Pacify your Metroid urges (Metrurges?)
When it comes to Metroid, I’m an entitled baby, and I’m not ashamed to admit it. When I heard that the next official game in the series was going to be like the Metroid Blast mini-game from Nintendoland mixed with some kind of three-on-three future sports thing, I immediately made some snarky remark on Twitter and thought really hard about how little Nintendo seems to understand what Metroid fans want. Other M disappointed so many, and the wait for a new Metroid announcement in the years since then have ticked by so slowly. To have those five years of culminate in this has fans more pessimistic than ever about the series’s future.
I imagine Samus is feeling the pain with us. When she asked Nintendo for a new Metroid game a few months ago, I highly doubt she expected to be cut out of her own series, replaced with some baby-shaped space soldiers playing robot soccer.
But what good will complaining do? Will knocking Nintendo for making a Metroid title that we’re not excited about help us to get the kind of Metroid that we’re hungry for? I sort of doubt it. It’s probably a better idea to use this time to focus on some games that are Metroid titles in spirit, but have been often passed over because they aren’t technically Metroid in name. That way we get to play some fun video games, and Nintendo gets to see that we’re willing to support developers who make the kind of games we want.
Available on just about every console but the 3DS, Guacamelee! is more of a brawler than any Metroid title to date, but if you think of protagonists Juan and Tostada as luchador versions of Captain Falcon and Zero Suit Samus from Smash Bros., then it’s a little easier to take as a Metroid-like. There are actually fan mods that can make that kind of thing a reality, but only on the PC version.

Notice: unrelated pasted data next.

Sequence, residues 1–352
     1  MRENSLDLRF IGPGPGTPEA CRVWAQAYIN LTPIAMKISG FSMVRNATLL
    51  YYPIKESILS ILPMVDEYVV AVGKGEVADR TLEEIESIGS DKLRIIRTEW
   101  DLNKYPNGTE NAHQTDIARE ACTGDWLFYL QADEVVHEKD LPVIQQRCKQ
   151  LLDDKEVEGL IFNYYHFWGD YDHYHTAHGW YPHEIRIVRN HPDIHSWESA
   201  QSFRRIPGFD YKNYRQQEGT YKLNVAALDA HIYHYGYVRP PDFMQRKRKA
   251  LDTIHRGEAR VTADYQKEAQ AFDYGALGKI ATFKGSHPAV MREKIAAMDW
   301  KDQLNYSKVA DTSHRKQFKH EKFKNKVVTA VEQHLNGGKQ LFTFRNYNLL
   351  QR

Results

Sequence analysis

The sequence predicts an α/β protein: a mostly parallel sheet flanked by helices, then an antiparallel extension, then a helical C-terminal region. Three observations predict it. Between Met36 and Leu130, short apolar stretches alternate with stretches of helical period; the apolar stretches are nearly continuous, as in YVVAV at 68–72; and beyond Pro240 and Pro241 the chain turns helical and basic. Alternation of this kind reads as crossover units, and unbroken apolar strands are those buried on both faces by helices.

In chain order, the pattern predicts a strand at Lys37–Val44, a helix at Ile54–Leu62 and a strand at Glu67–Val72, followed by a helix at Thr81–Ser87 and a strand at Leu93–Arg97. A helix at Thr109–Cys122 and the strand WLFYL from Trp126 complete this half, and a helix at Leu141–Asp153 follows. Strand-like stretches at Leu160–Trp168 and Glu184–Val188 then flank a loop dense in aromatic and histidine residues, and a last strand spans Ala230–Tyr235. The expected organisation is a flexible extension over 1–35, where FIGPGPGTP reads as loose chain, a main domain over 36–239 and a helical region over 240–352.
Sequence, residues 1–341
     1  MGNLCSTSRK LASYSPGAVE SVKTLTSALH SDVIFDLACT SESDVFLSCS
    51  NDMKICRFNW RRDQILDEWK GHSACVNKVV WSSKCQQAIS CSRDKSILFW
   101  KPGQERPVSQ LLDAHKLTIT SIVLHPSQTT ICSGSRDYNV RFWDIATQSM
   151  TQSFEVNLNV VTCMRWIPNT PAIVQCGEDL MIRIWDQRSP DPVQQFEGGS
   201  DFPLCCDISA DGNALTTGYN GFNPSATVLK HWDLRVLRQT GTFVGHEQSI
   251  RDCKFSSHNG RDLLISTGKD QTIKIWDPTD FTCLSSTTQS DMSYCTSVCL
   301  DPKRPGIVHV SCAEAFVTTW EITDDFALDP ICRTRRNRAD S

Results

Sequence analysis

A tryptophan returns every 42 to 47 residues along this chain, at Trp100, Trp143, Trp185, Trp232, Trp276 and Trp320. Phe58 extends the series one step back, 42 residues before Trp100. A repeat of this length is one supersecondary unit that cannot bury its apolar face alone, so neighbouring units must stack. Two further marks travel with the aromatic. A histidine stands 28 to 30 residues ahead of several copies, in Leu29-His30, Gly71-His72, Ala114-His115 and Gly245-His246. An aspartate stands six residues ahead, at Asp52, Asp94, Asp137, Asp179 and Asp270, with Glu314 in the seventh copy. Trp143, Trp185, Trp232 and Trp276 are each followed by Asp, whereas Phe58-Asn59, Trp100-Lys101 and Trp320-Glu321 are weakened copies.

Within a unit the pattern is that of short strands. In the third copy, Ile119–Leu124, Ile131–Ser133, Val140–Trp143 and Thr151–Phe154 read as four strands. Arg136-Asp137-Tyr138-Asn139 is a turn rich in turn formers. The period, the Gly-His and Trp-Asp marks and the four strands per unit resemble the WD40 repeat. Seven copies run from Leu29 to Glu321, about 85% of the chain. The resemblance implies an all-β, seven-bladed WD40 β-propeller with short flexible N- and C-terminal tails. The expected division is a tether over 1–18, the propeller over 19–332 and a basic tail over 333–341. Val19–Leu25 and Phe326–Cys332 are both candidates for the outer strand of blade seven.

The good news is: every version of Guacamelee! has tons of action, atmosphere, and weapons-as-tools-for-exploration gameplay, just like Metroid! There are even statues of Chozo and Metroid-looking characters in a few places, one of which grants the power to morph into a “chicken ball,” which you use to crawl through some tight spaces and lay “egg bombs.” Still skeptical? Our own Chris Carter recently said “I think Guacamelee! is literally the most Metroid out of all of those games,” so there you go.
At first, I was only interested in Environmental Station Alpha because it reminded me of Metroid. More specifically, it reminded me on Minitroid, the now abandoned Metroid fan game that seemed to be the perfect antidote for all the ways Other M made me poisoned. Now I don’t dislike Other M as much as some. The game turned Samus into an emotionally stunted nerd, but I can relate with nerds, so no problem for me there. Most of my problems with Other M come from the fact that it does so much to hold your hand, and left so little to the imagination. That got me down. Minitroid worked to do the opposite of both of those things, which made me happy.
So does Environmental Station Alpha, which feels a lot like a lost Metroid prototype from the old days. It’s got cute but creepy alien environments, a bunch of neat power-ups, and more questions than answers about the protagonist and their world. If the game had been on the 3DS, maybe it would have found more of an audience.
While it’s never been confirmed, I’m pretty darn sure that Xeodrifter is a 2D demake of Moon, another title from developer Renegade Kid. A lot of people say that Moon is like a cross between Metroid and Metroid Prime Hunters. If that’s the case, then it would make sense that Xeodrifter is a Moon demake, as it wears its love of Metroid and Super Metroid prominently on its sleeve.